May 07, 2010
A new study on environmental pollution has listed India among the worst 10 countries causing environmental damage with Brazil, USA and China filling the first three positions. The study focused exclusively on environmental indicators like fertiliser use, water pollution, carbon emissions and did not include human health and economic data.
Melbourne: India figures among the world's worst 10 countries causing environmental damage, according to a new study which lists Brazil as the most polluting country.
The research led by professor Corey Bradshaw, of the University of Adelaide's environment institute, has placed India at seventh position while ranking the US and China as the largest carbon producers after Brazil.
The 10 countries with the worst global footprint were Brazil, the US, China, Indonesia, Japan, Mexico, India, Russia, Australia and Peru, it said.
Countries were measured on a range of indicators, including fertiliser use, natural forest loss, habitat conservation, fisheries and other marine captures, water pollution, carbon emissions and species threat.
The study, published in the science journal PLoS ONE Wednesday, found Australia's carbon emissions, rate of species threat and natural forest loss were the greatest contributors to its ninth-place ranking, according to a newspaper.
"If you're clearing a lot of forests, you tend to also to overharvest in the ocean and use a lot of fertilisers," Bradshaw said explaining the link between development and environmental damage.
Bradshaw said finding the US and China in the top 10 were not surprising, though he was surprised that a relatively poor country such as Brazil took out the top spot.
"The wealthier you are, the more damage you do, on average," he said. "It's just a function of human nature. Growth is the be-all and end-all for all economies around the world, and if you're not growing economically, you're stagnant, and therefore that's a bad thing and governments get sacked. So we have a system built around increasing our consumption rates, and that's unsustainable in the long term."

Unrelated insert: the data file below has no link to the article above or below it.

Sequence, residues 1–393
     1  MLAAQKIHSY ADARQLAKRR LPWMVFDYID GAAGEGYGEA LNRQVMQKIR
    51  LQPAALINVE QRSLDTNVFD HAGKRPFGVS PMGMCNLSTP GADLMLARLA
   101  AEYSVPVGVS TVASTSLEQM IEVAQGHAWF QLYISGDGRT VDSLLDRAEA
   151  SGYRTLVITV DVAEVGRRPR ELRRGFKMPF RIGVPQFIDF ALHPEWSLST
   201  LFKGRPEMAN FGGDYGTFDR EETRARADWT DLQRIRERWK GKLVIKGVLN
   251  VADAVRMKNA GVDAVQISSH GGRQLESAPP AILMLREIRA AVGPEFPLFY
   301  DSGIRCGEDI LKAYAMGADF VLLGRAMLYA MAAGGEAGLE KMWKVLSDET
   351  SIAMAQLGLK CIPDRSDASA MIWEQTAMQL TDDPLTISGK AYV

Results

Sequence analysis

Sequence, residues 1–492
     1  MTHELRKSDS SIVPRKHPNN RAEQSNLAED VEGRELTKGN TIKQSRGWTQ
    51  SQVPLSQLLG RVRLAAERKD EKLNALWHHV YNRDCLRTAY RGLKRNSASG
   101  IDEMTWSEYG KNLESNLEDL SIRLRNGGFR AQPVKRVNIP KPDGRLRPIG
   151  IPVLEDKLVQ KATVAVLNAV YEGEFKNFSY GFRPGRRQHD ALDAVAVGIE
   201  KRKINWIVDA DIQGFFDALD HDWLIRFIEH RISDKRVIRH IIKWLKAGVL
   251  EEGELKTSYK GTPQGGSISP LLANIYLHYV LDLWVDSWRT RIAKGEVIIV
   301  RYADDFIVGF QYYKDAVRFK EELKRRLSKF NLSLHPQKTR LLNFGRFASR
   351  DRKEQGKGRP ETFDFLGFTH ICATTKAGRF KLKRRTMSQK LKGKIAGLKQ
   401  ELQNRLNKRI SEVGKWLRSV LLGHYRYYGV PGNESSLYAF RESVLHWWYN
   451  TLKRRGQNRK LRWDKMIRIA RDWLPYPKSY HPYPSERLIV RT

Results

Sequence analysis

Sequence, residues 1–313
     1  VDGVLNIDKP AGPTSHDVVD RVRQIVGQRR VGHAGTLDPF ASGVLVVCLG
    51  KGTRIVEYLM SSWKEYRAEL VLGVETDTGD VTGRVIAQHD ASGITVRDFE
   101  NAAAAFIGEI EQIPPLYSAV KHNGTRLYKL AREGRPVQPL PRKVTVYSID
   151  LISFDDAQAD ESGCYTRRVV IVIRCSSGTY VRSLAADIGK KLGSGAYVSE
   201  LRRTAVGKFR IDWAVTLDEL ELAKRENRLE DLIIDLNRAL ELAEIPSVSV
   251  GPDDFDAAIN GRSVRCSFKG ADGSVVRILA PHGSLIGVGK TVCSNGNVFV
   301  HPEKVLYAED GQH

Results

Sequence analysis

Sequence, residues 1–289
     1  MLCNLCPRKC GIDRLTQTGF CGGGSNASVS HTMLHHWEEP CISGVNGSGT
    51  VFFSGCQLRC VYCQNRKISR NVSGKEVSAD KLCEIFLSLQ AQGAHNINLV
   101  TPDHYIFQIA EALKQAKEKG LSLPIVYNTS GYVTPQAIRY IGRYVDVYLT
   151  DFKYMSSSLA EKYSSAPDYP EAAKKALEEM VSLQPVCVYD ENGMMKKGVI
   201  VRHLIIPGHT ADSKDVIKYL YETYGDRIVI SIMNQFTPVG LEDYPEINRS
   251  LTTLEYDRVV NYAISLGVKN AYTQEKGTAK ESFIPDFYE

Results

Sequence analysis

The study, however, did not include human health and economic data, instead focusing exclusively on environmental indicators.
Bradshaw said while Australia had few forests to start with, land clearing had removed more than half of them since European settlement.
Released in the United Nations' International Year of Biodiversity, the study also indicates that Australia has the highest mammalian extinction rate in the world, largely due to introduced species such as foxes, cats and rats, and habitat loss.
"And we are one of the highest per capita water users and carbon emitters in the world," Bradshaw was quoted as saying.
The study, in collaboration with the National University of Singapore and Princeton University, also presented a separate ranking using a proportional environmental impact index, which measured impact against resource availability.
On that scale, the 10 worst countries were Singapore, Korea, Qatar, Kuwait, Japan, Thailand, Bahrain, Malaysia, the Philippines and the Netherlands.
Bradshaw said the better-ranked countries were small places such as Cape Verde, Swaziland, Niger and Grenada.
"They haven't wiped out all their forests but they live well below what we'd consider poverty," he said adding, "We have things to learn from these countries in terms of consumption and in reducing our consumption".